Why do so many Americans fail to understand insurance? originally appeared on Quora - the place to gain and share knowledge, empowering people to learn from others and better understand the world.
There is no denying that insurance—home, car, or personal—has never provided the most inspiring or exciting source of conversation. These days, just coaxing new recruits into the insurance industry involves videos of zombies and free bacon. Consumers feel no more passionate: in a survey we conducted this year, over half of respondents noted they would rather go to a dentist than deal with their home insurance company. Nearly five percent said they would give up their firstborn child to avoid dealing with their home insurer! (We can only hope they are joking...)
In light of these facts, it may be easy to blame the fact that so many Americans know so little—just 4 percent of us can identify basic health insurance terms—on our own disinterest. But to do so would be misguided and dangerous. For one, this complacency comes with real costs. Insurance is only boring until you need it. Should your home be catastrophically damaged in a storm or your car totaled in a wreck, insurance would make all the difference in ensuring the financial well-being of you and your loved ones.
We believe that, as insurers, we only have ourselves to blame for this predicament; our collective industry simply does not serve its customers well. Speaking for our area of expertise in home insurance, this fact is painfully obvious. Home insurance policies are typically sold in a cumbersome process that involves tedious paperwork and arcane questions about your ceiling height and kitchen countertop material. Coverage remains woefully outdated and opaque, with protection for pewter bowls, furs, and crypts but not nearly enough for modern appliances and home electronics. And any online functionality or assistance for your policy, much less support for modern Smart Home devices, is virtually nonexistent. The result? Nearly two-thirds of American households are under-insured, and nearly three-quarters of consumers miscalculate just how much coverage they need, putting themselves at risk in the process.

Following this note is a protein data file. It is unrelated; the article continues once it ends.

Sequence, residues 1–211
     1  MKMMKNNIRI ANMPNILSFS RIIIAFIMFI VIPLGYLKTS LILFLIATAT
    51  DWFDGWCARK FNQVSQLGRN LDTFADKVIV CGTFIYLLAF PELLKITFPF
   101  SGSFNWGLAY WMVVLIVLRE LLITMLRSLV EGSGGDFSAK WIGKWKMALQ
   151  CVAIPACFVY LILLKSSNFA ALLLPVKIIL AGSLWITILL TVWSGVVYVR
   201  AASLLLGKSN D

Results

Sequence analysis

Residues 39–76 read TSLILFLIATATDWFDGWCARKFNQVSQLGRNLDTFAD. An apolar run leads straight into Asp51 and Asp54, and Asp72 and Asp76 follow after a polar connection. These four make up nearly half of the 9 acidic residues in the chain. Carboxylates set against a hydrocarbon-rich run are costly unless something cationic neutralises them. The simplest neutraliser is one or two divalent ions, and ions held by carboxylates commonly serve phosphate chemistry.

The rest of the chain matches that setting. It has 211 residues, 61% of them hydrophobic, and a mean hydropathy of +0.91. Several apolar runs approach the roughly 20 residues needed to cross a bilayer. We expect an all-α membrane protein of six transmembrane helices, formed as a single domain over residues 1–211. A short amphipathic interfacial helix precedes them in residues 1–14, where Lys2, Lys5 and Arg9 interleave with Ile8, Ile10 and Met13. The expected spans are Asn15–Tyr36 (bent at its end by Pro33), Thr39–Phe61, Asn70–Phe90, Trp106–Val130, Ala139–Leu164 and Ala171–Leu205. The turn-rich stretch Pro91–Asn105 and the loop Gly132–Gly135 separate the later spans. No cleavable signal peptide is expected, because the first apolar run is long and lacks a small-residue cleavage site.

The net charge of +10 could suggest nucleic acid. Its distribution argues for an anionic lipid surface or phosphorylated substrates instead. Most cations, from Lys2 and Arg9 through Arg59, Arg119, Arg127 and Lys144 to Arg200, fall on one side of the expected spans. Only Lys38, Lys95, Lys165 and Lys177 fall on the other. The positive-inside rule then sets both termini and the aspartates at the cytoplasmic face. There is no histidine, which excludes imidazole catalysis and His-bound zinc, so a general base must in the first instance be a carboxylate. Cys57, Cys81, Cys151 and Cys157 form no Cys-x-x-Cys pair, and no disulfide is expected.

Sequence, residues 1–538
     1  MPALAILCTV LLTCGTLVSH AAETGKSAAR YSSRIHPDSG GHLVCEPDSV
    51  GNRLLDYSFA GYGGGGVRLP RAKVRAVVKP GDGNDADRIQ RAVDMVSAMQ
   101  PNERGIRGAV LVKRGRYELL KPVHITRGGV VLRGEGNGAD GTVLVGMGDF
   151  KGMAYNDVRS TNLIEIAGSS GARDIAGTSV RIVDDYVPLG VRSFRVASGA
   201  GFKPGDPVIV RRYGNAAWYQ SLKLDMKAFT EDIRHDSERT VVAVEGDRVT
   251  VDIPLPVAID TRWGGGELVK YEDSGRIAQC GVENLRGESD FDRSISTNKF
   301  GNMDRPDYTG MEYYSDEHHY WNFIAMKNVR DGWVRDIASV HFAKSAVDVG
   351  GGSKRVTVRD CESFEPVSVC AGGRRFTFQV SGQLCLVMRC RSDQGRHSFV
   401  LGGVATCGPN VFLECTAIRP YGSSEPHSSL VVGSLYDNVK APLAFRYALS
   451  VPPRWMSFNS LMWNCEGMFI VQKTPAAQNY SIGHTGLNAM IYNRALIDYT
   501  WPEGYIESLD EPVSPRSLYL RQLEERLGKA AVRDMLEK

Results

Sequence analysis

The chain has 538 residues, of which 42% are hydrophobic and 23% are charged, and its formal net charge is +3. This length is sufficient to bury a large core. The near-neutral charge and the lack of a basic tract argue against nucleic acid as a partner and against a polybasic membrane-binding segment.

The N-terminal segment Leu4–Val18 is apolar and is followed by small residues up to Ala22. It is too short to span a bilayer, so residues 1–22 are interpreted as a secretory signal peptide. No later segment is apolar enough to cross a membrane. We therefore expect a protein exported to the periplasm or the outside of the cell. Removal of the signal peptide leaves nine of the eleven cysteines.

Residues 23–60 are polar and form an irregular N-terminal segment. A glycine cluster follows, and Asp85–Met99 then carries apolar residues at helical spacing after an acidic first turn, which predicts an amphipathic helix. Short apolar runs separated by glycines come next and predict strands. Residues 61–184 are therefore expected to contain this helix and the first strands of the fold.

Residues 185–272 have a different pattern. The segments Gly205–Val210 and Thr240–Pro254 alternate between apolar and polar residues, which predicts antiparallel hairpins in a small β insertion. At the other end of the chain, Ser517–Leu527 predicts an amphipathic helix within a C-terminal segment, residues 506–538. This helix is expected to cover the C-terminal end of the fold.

This issue is not strictly limited to the home insurance industry, however. More broadly, there is a gulf separating consumers' understanding of insurance products and the industry's methods of reaching them. According to a 2014 report, consumers have interacted less with insurers than with almost any other industry—banks, mobile companies, online retailers, energy utilities—that exists today, which contributes to today's unacceptably low consumer satisfaction ratings for our industry. As consumer expectations change with continually evolving technology, this gulf is only widening. A survey this month by Clearsurance finds that nearly 50 percent of consumers would be comfortable buying any type of insurance online, and 65 percent believe online purchases are the way of the future for the industry. Despite this, insurance remains a woefully traditional industry in terms of its digital outreach.
We can do better.
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